Today I released fwupd 1.5.6 which the usual smattering of new features and bugfixes. These are some of the more interesting ones:
With the help of a lot of people we added support for quite a bit of new hardware. The slightly odd GD32VF103 as found in the Longan Nano is now supported, and more of the DFU ST devices with huge amounts of flash. The former should enable us to support the Pinecil device soon and the latter will be a nice vendor announcement in the future. We’ve also added support for RMI PS2 devices as found in some newer Lenovo ThinkPads, the Starlabs LabTop L4 and the new System76 Keyboard. We’ve refactored the udev and usb backends into self contained modules, allowing someone else to contribute new bluetooth peripheral functionality in the future. There are more than a dozen teams of people all working on fwupd features at the moment. Exciting times!
One problem that has been reported was that downloads from the datacenter in the US were really slow from China, specifically because the firewall was deliberately dropping packets. I assume compressed firmware looks quite a lot like a large encrypted message from a firewalls’ point of view, and thus it was only letting through ~20% of the traffic. All non-export controlled public firmware is now also mirrored onto the IPFS, and we experimentally fall back to peer-to-peer downloads where the HTTP download failed. You can prefer IPFS downloads using
fwupdmgr --ipfs update although you need to have a running
ipfs daemon on your local computer. If this works well for you, let me know and we might add support for downloading metadata in the future too.
We’ve fully integrated the fwupd CI with oss-fuzz, a popular fuzzing service from Google. Generating horribly corrupt firmware files has found a few little memory leaks, files that cause fwupd to spin in a loop and even the odd crash. It was a lot of work to build each fuzzer into a small static binary using a 16.04-based container but it was well worth all the hard work. All new PRs will run the same fuzzers checking for regressions which also means new plugins now also have to implement building new firmware (so the test payload can be a few tens of bytes, not 32kB), rather than just parsing it.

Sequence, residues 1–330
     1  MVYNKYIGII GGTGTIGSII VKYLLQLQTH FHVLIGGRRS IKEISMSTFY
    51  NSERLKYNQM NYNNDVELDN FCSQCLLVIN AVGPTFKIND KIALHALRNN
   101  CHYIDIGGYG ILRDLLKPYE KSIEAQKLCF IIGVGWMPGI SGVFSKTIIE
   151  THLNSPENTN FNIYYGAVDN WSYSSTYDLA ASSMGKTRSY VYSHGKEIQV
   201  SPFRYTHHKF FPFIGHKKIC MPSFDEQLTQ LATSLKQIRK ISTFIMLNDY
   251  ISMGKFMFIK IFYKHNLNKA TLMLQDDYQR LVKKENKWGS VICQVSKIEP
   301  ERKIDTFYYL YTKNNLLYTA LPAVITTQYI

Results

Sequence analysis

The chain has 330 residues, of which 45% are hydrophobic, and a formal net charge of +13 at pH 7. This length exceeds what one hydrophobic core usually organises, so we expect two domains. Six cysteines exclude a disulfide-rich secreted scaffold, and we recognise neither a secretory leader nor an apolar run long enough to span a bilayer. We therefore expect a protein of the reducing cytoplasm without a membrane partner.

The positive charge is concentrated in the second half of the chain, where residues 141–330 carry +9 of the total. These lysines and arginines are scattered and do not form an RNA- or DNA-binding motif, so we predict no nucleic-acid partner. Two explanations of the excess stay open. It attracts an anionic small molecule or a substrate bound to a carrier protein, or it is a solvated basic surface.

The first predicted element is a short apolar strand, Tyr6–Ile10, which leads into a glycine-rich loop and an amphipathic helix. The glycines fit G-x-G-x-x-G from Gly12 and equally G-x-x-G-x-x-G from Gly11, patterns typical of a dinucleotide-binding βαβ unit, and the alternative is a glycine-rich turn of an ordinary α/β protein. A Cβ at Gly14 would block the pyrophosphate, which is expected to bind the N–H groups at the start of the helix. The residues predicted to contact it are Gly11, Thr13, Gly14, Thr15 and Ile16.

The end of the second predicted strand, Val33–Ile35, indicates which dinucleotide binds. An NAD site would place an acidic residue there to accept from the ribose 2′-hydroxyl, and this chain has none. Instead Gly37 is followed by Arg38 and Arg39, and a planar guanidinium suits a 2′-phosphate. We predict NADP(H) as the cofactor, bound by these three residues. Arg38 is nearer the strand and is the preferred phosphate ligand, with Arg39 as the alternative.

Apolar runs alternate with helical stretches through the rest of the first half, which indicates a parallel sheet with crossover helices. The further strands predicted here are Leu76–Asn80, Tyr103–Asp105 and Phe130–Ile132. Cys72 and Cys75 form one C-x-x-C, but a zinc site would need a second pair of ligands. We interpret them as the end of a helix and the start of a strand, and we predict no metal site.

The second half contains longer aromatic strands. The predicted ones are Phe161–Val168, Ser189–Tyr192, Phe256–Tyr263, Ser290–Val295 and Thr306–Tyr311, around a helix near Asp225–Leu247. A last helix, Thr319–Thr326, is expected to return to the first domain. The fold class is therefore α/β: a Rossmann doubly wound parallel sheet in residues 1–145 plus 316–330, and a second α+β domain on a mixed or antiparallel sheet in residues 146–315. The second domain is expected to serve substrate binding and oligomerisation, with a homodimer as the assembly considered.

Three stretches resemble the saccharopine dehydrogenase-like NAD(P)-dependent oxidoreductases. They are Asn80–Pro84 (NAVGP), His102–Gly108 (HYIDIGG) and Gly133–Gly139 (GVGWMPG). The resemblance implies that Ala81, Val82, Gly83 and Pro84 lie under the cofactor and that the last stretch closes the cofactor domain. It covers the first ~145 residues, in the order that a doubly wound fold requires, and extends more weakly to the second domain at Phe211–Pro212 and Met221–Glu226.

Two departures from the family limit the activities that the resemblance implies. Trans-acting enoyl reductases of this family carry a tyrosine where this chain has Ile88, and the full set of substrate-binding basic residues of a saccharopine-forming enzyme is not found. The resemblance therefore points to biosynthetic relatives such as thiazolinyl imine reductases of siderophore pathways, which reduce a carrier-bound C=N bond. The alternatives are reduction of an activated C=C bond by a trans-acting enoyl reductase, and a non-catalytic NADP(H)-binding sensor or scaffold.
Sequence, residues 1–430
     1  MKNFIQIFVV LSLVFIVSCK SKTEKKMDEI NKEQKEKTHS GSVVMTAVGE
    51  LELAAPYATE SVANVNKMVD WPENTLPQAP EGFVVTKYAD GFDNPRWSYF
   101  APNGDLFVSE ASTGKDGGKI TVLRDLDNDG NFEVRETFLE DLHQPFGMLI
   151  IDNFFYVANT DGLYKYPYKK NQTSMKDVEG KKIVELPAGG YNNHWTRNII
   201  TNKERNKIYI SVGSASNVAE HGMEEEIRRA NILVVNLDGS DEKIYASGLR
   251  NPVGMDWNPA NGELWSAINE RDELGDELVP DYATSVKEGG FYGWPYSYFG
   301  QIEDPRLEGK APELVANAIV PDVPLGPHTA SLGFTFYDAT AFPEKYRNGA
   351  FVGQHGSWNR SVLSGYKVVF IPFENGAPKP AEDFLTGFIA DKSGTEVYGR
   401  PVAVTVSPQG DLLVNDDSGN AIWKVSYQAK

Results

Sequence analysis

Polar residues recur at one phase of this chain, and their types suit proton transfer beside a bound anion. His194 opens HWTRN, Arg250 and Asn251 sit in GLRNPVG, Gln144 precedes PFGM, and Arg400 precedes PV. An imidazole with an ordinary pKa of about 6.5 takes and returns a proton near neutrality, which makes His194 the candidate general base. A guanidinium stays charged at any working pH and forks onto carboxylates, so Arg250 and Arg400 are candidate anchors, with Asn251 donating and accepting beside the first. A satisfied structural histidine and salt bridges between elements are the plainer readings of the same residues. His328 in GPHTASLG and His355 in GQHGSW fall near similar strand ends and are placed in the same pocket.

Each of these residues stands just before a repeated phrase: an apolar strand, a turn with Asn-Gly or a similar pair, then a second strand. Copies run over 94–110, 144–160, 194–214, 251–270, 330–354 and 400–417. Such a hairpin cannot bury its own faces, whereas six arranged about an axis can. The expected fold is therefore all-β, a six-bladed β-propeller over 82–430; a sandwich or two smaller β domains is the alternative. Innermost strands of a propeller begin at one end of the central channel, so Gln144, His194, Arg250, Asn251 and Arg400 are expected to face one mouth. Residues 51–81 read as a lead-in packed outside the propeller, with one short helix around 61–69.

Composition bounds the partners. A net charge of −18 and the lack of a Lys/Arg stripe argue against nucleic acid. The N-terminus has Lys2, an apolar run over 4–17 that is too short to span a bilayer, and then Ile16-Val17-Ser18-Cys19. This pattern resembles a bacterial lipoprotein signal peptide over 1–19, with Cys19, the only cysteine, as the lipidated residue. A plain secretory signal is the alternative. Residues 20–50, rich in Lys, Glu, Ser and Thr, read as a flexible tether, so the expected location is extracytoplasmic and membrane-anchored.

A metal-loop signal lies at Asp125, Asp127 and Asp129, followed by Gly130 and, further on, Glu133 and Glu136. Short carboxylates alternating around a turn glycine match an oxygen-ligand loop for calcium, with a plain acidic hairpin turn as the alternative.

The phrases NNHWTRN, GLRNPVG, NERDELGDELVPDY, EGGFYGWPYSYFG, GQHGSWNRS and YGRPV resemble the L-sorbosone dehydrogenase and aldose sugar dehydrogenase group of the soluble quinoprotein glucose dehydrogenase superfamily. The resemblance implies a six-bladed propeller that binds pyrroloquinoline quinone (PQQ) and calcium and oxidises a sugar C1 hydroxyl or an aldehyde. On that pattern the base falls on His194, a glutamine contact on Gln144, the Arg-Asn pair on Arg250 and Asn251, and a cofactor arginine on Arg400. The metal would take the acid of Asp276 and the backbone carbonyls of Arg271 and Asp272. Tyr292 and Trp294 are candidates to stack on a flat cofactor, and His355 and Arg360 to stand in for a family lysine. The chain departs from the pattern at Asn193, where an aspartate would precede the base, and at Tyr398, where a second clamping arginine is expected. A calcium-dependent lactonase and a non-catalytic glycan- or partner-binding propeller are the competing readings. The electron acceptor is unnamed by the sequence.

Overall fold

On some Lenovo hardware there’s a “useful” feature called Boot Order Lock that means whatever the OS adds as a
BootXXXX entry the old bootlist gets restored on next boot. This breaks firmware updates using
fwupdx64.efi and until we can detect BOL from a kernel interface we also check if our EFI entry has been deleted by the firmware on next boot and give the user a more helpful message than just “it failed”. Also, on some Lenovo hardware we’re limiting the number of UEFI updates to be deployed on one reboot as they appear to have slightly quirky capsule coalesce behavior. In the same vein we’re also checking the system clock is set approximately correct (as in, not set to before 2020…) so we can tell the user to check the clock on the machine rather than just failing with a obscure certificate error.
Now there are systems that can be switched to coreboot (and back to EDK2 again) we’ve polished up the “
switch-branch” feature. We’re also checking both BIOSWE and BLE before identifying systems that can be supported. We’re also including the lockdown status in uploaded UEFI reports and added SBAT metadata to the fwupd EFI binary, which will be required for future versions of shim and grub – so for distro fwupd binaries the packager will need to set meson build options like
-Defi_sbat_distro_id=. There are examples in the fwupd source tree.